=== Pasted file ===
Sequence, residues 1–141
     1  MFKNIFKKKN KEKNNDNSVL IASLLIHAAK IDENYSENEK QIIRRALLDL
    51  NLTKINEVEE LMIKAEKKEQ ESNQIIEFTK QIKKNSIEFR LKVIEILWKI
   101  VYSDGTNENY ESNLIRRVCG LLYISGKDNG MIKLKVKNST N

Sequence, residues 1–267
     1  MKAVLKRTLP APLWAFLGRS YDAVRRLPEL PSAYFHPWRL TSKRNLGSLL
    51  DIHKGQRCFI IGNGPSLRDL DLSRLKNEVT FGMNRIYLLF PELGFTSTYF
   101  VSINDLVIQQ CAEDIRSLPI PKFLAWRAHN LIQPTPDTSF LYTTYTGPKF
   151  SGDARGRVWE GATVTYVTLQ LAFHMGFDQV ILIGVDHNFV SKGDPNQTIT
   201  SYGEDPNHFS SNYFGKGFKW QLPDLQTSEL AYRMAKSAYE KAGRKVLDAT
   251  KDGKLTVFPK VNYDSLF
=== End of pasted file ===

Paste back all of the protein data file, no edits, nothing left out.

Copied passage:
Sequence, residues 1–141
     1  MFKNIFKKKN KEKNNDNSVL IASLLIHAAK IDENYSENEK QIIRRALLDL
    51  NLTKINEVEE LMIKAEKKEQ ESNQIIEFTK QIKKNSIEFR LKVIEILWKI
   101  VYSDGTNENY ESNLIRRVCG LLYISGKDNG MIKLKVKNST N

Sequence, residues 1–267
     1  MKAVLKRTLP APLWAFLGRS YDAVRRLPEL PSAYFHPWRL TSKRNLGSLL
    51  DIHKGQRCFI IGNGPSLRDL DLSRLKNEVT FGMNRIYLLF PELGFTSTYF
   101  VSINDLVIQQ CAEDIRSLPI PKFLAWRAHN LIQPTPDTSF LYTTYTGPKF
   151  SGDARGRVWE GATVTYVTLQ LAFHMGFDQV ILIGVDHNFV SKGDPNQTIT
   201  SYGEDPNHFS SNYFGKGFKW QLPDLQTSEL AYRMAKSAYE KAGRKVLDAT
   251  KDGKLTVFPK VNYDSLF